Pierce: Fans in the stands are just expendable TV props

Published October 15, 2013 1:25 pm
Sports on TV • Ratings have replaced ticket buyers as college football's top priority.
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A couple of weeks ago, BYU and Utah State had an absolutely great TV time slot. They played at 8 p.m. ET/7 p.m. CT on a Friday night — prime time in those time zones, where three-quarters of Americans live.

If you're looking for TV exposure, the timing was perfect.

But that meant kickoff was just after 6 p.m. in Logan — pretty horrific for a lot of people who actually attended the game. Fans who drove north had to take time off from work. Heck, some fans had to leave work early just to get home in time to see the game on the CBS Sports Network.

Not that anybody at CBSSN cares how much the kickoff time impacts ticket-buyers. Nor should they. They're in the TV business, and it doesn't matter to them.

This season, BYU also has two Friday-at-6 p.m. home games. USU and Utah opened the season at 6 p.m. on a Thursday. Utah had an 8 p.m. Thursday game. And it's become common for both Utah and BYU to kick off on Saturday nights at 8 p.m. or later.

Not exactly fan friendly.

As TV coverage has expanded, the folks who actually buy tickets have become nothing more than expendable TV props. If a stadium is half-empty, so what?

That's not opinion, it's fact. Last season, ESPN's bowl ratings soared. Its five BCS games were up 7 percent; the 28 non-BCS games were up 5 percent.

Attendance, however, was down to its lowest average in 34 years. When you add the two bowl games ESPN didn't telecast, there were more than half a million empty seats — almost a quarter of the total.

(FYI, Aggie and Cougar fans, there were 35,442 fans at the BYU-San Diego State Poinsettia Bowl, 6,199 more than attended the USU-Akron Famous Idaho Potato Bowl. But the stadium in Boise was filled to 79 percent capacity and the stadium in San Diego was at just under 50 percent.)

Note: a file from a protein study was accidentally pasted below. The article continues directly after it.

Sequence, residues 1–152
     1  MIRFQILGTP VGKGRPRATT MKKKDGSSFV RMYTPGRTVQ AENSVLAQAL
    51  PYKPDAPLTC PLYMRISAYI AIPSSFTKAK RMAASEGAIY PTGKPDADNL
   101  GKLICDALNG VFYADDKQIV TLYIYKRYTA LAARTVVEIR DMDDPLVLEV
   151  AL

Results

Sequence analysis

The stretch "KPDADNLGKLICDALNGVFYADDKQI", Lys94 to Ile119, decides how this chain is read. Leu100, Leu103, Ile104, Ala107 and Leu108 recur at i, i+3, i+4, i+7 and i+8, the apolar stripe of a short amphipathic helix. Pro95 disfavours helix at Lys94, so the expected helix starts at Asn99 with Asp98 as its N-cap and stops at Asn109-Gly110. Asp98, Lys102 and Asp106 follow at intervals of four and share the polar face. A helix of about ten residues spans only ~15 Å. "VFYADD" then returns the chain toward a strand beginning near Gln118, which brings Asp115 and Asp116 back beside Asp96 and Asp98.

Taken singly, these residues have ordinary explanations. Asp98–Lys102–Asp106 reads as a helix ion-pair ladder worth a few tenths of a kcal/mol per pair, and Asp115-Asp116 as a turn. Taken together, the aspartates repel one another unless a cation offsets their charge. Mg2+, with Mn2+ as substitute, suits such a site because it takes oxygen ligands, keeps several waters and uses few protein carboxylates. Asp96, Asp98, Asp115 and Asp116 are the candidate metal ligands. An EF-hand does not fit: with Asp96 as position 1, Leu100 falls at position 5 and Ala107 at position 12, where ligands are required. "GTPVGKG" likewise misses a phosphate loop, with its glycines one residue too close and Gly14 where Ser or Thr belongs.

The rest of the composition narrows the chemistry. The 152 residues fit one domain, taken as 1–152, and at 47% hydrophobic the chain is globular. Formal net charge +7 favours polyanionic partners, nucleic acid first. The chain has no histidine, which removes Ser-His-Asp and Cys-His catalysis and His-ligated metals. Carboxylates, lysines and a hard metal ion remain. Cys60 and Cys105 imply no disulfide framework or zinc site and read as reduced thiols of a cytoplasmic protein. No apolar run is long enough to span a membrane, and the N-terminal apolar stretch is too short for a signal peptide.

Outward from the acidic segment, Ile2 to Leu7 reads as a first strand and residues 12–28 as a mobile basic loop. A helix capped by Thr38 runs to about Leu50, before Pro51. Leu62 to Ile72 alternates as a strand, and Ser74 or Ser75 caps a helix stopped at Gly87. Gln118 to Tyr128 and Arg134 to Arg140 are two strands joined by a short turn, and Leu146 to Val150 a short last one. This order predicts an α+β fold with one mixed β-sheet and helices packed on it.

Not that ESPN cared. And that's not criticism, it's just a fact that college football games are more about fans on their couches than the fans in the bleachers.

And it isn't just college football. NFL ratings and revenues have soared, turning the league into an incredible, money-making machine.

But after peaking in 2007, NFL attendance has declined steadily. Ticket sales across the league were down 4.5 percent in the past five years.

That's not much cause for concern when you're averaging more than $3 billion per year in TV revenue.

College football is about the haves and the have-nots, but total TV revenues is also counted in the billions. According to Forbes, 80 percent of the revenue for the Big Five conferences (ACC, Big Ten, Big 12, Pac-12 and SEC) comes from TV. ESPN alone has paid out $10 billion for college football rights five years.

So it's hard to blame conferences (or independents like BYU) for catering to TV at the expense of fans in the stands.

This is the golden age of watching college football on TV. You can be a big fan and never step inside a stadium.

But if you have, you've sat through the iterminable TV timeouts while ESPN or CBS or the Pac 12 Network are airing commercials. You might not notice at home — you can flip channels, get a snack or take a bathroom break.

But the long breaks shatter the flow of the game for fans in the stands. It could be one more reason some decide to stay home and watch in their living rooms instead of making the trek to the stadium.

Not that it matters to a TV-driven sport.

Scott D. Pierce covers television for The Salt Lake Tribune. Email him at spierce@sltrib.com; follow him on Twitter @ScottDPierce.



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